Set up development tools set-up-development-tools

Adobe Experience Manager (AEM) development requires a minimal set of development tooling to be installed and set up on the developer machine. These tools support the development and building of AEM Projects.

Note that ~ is used as shorthand for the User’s Directory. In Windows, this is the equivalent of %HOMEPATH%.

Install Java

Experience Manager is a Java application, and thus requires the Java SDK to support the development and the AEM as a Cloud Service SDK.

  1. Download and install the latest release Java 11 SDK
  2. Verify Oracle Java 11 SDK is installed by running the command:
code language-shell
$ java --version
code language-shell
$ java -version
code language-shell
$ java --version


Install Homebrew

The use of Homebrew is optional, but recommended.

Homebrew is a open-source package manager for macOS, Windows and Linux. All the supporting tools can be installed separately, Homebrew provides a convenient way to install and update a variety of development tools required for Experience Manager development.

  1. Open your Terminal
  2. Check if Homebrew is already installed by running the command: brew --version.
  3. If Homebrew is not installed, install Homebrew

Homebrew on macOS requires Xcode or Command Line Tools, install-able via the command:

code language-shell
$ xcode-select --install
Install Homebrew on Windows 10
Install Homebrew on Linux
  1. Verify Homebrew is installed by running the command: brew --version


If you are using Homebrew, follow the Install using Homebrew instructions in the sections below. If you are not using Homebrew, install the tools using the OS-specific links.

Install Git

Git is the source control management system used by Adobe Cloud Manager, and thus is required for development.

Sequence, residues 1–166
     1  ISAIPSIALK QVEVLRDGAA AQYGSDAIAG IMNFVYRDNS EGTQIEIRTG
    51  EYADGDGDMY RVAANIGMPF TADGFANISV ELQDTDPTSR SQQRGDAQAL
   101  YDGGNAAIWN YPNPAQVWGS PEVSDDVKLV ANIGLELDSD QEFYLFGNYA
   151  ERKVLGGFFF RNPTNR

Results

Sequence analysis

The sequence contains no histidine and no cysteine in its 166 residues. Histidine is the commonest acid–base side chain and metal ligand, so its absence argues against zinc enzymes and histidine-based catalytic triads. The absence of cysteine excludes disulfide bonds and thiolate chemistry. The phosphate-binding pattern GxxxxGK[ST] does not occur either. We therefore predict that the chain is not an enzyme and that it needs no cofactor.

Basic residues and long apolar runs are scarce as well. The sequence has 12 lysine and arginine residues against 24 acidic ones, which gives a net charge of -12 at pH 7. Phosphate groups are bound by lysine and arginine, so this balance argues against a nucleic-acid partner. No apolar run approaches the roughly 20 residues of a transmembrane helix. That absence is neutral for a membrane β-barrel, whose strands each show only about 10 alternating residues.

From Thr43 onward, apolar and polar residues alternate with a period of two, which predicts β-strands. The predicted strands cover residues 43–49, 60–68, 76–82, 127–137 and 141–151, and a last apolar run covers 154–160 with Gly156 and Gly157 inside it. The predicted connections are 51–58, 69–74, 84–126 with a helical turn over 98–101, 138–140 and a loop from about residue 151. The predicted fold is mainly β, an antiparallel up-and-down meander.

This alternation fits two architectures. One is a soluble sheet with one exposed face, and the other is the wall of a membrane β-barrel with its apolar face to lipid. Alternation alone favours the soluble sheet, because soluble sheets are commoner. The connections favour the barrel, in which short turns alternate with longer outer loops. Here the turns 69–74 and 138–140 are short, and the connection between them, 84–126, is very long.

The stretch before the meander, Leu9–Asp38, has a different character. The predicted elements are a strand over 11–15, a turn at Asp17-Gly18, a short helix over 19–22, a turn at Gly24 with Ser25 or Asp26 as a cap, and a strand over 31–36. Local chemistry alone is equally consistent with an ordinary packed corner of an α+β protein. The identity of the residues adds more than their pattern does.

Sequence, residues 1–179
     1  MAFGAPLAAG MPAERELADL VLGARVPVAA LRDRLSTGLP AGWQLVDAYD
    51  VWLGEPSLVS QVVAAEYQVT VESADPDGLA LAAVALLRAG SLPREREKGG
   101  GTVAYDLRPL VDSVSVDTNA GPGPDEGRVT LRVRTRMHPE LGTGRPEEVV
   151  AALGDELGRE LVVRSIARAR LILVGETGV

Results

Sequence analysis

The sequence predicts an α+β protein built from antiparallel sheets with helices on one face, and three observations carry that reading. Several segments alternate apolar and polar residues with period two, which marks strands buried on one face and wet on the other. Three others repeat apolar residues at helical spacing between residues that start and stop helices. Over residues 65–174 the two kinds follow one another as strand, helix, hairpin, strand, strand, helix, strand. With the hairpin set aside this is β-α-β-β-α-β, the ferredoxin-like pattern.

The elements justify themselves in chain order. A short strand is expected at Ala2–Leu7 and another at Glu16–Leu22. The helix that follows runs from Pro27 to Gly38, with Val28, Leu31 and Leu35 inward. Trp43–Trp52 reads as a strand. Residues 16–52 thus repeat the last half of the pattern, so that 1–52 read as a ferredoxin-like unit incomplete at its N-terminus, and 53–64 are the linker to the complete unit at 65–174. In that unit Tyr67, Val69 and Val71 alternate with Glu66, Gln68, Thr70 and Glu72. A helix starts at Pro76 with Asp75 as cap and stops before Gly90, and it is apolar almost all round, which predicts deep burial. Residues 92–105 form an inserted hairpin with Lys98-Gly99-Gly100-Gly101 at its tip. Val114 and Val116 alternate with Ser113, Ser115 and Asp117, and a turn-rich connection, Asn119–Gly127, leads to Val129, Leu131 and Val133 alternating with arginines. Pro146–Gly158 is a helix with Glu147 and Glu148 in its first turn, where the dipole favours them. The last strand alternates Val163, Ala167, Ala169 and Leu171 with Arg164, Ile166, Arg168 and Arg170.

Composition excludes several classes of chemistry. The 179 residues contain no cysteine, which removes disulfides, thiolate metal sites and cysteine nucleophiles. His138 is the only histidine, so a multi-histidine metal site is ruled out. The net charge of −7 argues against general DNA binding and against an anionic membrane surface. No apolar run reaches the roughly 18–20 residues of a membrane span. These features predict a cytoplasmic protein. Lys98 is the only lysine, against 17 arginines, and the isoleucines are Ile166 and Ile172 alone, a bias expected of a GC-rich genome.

Install Git using Homebrew
  1. Open your Terminal/Command Prompt

  2. Execute the command: $ brew install git

  3. Verify Git is installed, using the command: $ git --version

Download and install Git
  1. Download and install Git

  2. Open your Terminal/Command Prompt

  3. Verify Git is installed, using the command: $ git --version


Install Node.js (and npm) node-js

Node.js is a JavaScript runtime environment used to work with the front-end assets of an AEM project’s ui.frontend sub-project. Node.js is distributed with npm, is the defacto Node.js package manager, used to manage JavaScript dependencies.

Install Node.js using Homebrew
  1. Open your Terminal/Command Prompt

  2. Execute the command: $ brew install node

  3. Verify Node.js is installed, using the command: $ node -v

  4. Verify npm is installed, using the command: $ npm -v

Download and install Node.js
  1. Download and install Node.js

  2. Open your Terminal/Command Prompt

  3. Verify Node.js is installed, using the command: $ node -v

  4. Verify npm is installed, using the command: $ npm -v

Node.js and npm

AEM Project Archetype-based AEM Projects install an isolated version of Node.js at build time. It is good to keep the local development system’s version in sync (or close to) the Node.js and npm versions specified in your AEM Maven project’s Reactor pom.xml.